When Carmelo Anthony last called the state of New York his home, he was a baby-faced freshman at Syracuse University. He wore his hair in tightly-woven corn rows and his lanky frame had not yet filled out with muscle, but his beautiful jump shot and his ever-present grin seemed like harbingers of limitless potential.
There was little doubt that this skinny teenager who grew up on Myrtle Avenue in West Baltimore, and led the Syracuse Orange to an NCAA title as a freshman, was going to be a bona fide NBA star.
Anthony will once again call the state of New York home, having finally agreed on Tuesday to be the key component in a 12-player trade that will allow the Denver Nuggets, the only franchise he's played for during his NBA career, to send him to the New York Knicks.
And although Anthony has forever claimed Baltimore as his hometown — so much so that he has the city's name tattooed on his chest and neck — a part of him claims the city of New York as well. He was born in Brooklyn.
But much has changed in the seven years since he's been on the East Coast.
He did become one of the best players in the NBA during his seven years in Denver. Even during this bizarre season, he's averaged 25.2 points a game and 7.6 rebounds. But the journey was not always a smooth one. There were brushes with the law, squabbles with coaches and teammates, and playoff flame outs.
But Anthony returns to New York a grown man, in many respects. He is not the grinning teenager he once was. Physically, he is thicker, more muscular, and less apt to get pushed around in the paint. He is also a married man, with a son of his own. By all accounts, he is harder, less naive to the business side of professional sports. He said as much during a recent swing through Washington D.C., during his final weeks with the Nuggets.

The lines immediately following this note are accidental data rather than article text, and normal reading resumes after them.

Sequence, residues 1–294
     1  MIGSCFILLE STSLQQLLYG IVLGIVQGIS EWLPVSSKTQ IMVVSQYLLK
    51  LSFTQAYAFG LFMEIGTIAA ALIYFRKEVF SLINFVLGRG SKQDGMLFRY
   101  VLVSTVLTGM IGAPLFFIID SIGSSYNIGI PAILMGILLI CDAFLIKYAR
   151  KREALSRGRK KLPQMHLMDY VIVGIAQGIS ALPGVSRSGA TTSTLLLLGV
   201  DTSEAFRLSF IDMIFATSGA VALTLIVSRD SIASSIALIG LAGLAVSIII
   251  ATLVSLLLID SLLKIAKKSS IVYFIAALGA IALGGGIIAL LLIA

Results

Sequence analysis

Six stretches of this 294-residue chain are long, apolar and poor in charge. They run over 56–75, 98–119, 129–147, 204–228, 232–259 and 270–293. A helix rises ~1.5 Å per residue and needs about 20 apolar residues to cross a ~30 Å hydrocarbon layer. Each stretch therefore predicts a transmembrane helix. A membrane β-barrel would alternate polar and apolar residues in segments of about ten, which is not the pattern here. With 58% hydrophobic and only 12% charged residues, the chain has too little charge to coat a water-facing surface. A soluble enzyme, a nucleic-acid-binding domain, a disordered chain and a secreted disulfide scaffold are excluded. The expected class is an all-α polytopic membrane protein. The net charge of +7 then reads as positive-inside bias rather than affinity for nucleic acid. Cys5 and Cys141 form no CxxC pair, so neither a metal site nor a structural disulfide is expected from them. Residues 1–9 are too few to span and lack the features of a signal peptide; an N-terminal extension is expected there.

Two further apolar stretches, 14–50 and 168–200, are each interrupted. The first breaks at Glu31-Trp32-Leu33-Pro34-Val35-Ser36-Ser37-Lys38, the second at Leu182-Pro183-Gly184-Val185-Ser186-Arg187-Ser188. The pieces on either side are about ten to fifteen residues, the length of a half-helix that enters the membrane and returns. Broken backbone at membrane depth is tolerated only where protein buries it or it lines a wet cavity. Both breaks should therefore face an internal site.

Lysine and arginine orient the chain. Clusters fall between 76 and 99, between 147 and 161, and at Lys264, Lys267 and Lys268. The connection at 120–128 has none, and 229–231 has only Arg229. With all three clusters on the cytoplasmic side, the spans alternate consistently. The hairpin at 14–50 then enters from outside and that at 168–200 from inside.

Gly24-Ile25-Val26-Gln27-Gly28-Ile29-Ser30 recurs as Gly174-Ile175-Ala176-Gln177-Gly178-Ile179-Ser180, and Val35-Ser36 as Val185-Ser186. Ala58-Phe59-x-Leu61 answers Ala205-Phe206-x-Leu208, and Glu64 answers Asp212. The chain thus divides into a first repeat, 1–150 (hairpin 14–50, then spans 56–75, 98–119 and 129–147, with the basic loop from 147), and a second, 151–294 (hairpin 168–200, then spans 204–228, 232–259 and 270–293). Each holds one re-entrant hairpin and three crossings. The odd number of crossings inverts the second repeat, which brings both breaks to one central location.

Anthony watched and listened as public sentiment turned against him, both in Denver and across the country, as rumors swirled for months regarding his future.
"I turn on the TV, and I turn it right back off because it's always something, it's always a new team, always a rumor, always this person saying that, that person saying this," Anthony told reporters recently. "I try not to pay attention to it."
But now that the deal is finally done, at age 26, Anthony finds himself in the media capital of the world with a chance to reinvent his career. If he and Amare Stoudemire can help deliver the Knicks from NBA irrelevancy, it's likely that any lingering concerns about how he arrived in the Big Apple will quietly fade away.
"I think it's a great opportunity for him," said Jim Boeheim, Anthony's former college coach, in a radio interview with The Score 1260. "I think he wants to win, period. I think that's the key and New York's not a bad city to do it in, if you can do it there it's a pretty good deal."
In Denver, most Nuggets fans were simply happy to see the saga come to an end. Although Anthony was once the most popular athlete in the city, a poll posted Tuesday on the Denver Post website asked readers to react to the trade. With nearly 14,000 votes counted, 71 percent of those responding said they either "Loved" or "Liked" that Anthony was gone.
"I have tremendous respect for what he did here, what he gave us, what he gave me," Nuggets coach George Karl said. "I can't deny his personality and his skill level is a conflictive personality to a coach. And you know I thought we survived this year. ... I think we survived it in a positive way. Now, was it an A-plus? Probably not. But I look at the six years that I had with 'Melo as a blessing for a coach. We won a lot of games, and we won a lot of those games because of 'Melo."
In New York, reaction was mixed in the media. Several columnists questioned whether the Knicks — who traded four players and several draft picks to acquire Anthony — had surrendered too much. But Stoudemire was ecstatic about Anthony's arrival.
"With the offensive threat that Carmelo brings and I bring to the table, it's going to bring out the best in both of our games," Stoudemire said.
Anthony did not speak with the media Tuesday, but the early indication is he will wear No. 7 as his jersey number. The number he wore with the Nuggets and in college — 15 — has already been retired by the Knicks for Earl Monroe — who once went from the Baltimore Bullets to the Knicks — giving Anthony yet another opportunity for personal reinvention.
Stoudemire is already eager for the new chapter to begin.
"It's going to be great," he said. "It's going to be electric."
The Associated Press contributed to this story.